-tkr

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Audacity has a number of good and primary functions. Many Nyquist plugins as well as some VST plugins are available and work well with Audacity. The Linux port has a bit more flexibility than the Windows package I believe. I can't speak about the Mac pack, but have no doubt that its every bit as functional as the others.

Some folks use Kristal or another sonic package to record and then run it through Audacity. I use Audacity to both record and mix multi-tracks. It's exceptionally easy.

No, it doesn't have all the gizmoids, bells and whistles and pretty graphical popup interfaces as say, Magix or others. And really, how many of those gizmo things can you use at once much less remember where they are on all those menus. :)

Audacity sure does one good job without a lot of fuss. And I can *see* the Record Button! ;)

Les

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No, it doesn't have all the gizmoids, bells and whistles and pretty graphical popup interfaces as say, Magix or others.

But realtime effects and track splitting are pretty basic features. You can't do any editing without being able to split a track and destructive offline effects are much more difficult to work with because you can't make changes to it once you add it.

These aren't just misc bells and whistles, these are very useful features that make working with the program 100% easier.

And really, how many of those gizmo things can you use at once much less remember where they are on all those menus. :)

That depends on what your needs are and how deep you want to get into the program. I definitely don't use all of the features in Samplitude, but I do use more than enough of them to make the price worth it for me. :winkthumb:

At $80 the Magix program is dirt cheap... Especially considering that it has some of features that are in their more expensive programs. Then of course there's N-Track ($42) which is excellent for the price and is leaps and bounds above the freebie programs (it even kills Reaper which is only $2 cheaper).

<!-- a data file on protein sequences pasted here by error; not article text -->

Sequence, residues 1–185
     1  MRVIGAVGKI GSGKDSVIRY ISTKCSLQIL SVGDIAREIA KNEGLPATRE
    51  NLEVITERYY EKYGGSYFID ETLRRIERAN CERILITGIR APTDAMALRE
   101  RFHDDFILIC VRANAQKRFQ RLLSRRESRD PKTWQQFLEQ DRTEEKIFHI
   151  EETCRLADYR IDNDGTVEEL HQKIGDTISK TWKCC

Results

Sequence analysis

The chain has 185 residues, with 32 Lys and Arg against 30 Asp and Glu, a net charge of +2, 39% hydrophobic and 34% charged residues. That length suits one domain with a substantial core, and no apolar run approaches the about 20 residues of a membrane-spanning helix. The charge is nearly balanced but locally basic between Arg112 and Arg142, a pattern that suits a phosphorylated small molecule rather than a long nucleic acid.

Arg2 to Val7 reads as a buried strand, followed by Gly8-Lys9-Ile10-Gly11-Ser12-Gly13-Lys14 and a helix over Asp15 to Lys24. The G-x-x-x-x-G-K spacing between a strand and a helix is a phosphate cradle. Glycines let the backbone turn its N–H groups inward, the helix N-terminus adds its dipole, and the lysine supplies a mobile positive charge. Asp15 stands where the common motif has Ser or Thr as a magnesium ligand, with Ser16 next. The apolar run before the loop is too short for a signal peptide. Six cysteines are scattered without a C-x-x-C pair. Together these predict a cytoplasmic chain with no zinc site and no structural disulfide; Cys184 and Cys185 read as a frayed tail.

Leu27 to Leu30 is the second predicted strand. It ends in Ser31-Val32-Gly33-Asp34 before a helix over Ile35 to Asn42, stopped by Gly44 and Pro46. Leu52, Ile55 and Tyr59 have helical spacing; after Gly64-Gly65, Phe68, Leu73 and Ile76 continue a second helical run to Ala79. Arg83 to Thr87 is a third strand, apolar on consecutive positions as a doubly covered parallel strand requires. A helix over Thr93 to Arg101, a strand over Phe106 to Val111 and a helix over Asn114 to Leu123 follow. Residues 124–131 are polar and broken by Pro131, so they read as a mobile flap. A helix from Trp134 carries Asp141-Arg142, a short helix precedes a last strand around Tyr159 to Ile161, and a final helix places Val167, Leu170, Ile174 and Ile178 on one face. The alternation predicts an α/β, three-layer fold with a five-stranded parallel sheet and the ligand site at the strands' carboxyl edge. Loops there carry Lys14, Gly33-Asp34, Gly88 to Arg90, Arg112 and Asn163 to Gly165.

-tkr

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I just downloaded Audacity and gave it a test run. I've heard about it, but have never actually tried it.... But wow, even for a freebie Audacity doesn't have much in it. The 2 major issues I have with it are no realtime effects and the lack of even basic editing (like a real "split" tool). That right there is a deal breaker (even if it is free... ;))

Anyone that is using Audacity should seriously give Reaper a try. It is definitely the best freebie program I've seen thus far. The interface isn't as nice looking as Audacity, but it functions 100 times better.

-tkr

I guess it depends onj your goal as I think Audacity works just fine and is very user friendly. To each his own I guess...

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The 1.30 version of Audacity does have a split feature, by the way. I don't remember if the 1.24 has it or not.

It isn't an full blown CakeWalk or Acid package. It is an easy to use multi-track recording and editing package. If you're into effects other than basic needs, then Audacity isn't for you. But if you're just getting started, want a simple package that produces a good result and all is costs is the time it takes to RTFM, then Audacity is the ticket. Plus there is active development as well as a devel and users list for any questions that may crop up. And with or without the plugins available, most anyone can create a darn good recording without going through a six month learning curve.

**

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The 1.30 version of Audacity does have a split feature, by the way. I don't remember if the 1.24 has it or not.

Nope 1.24 didn't have it. I just downloaded the 1.30 version and the split feature can be used to separate sections, but it still can't really be used for editing (can't overlap objects on the tracks).

It isn't an full blown CakeWalk or Acid package. It is an easy to use multi-track recording and editing package.

I'm not comparing it to CW or Acid. I'm comparing it to programs that cost less that it costs to fill up your gas tank. ;)

If you're into effects other than basic needs, then Audacity isn't for you.

Realtime effects are very basic though. I'd say it's actually harder for beginners to not have realtime effects because you have to get it right the first time and you can't change it later. You can’t even import your original track back in with no effects on it because destructive effects overwrite the original wave file (unless Audacity has the option to copy the wave file and add effects to the copied wave file... I haven’t tried that yet to find out.) Realtime effects do not alter your original wave file in any way and everything is done within the software in realtime, so you can change any effect at any time while working on your project.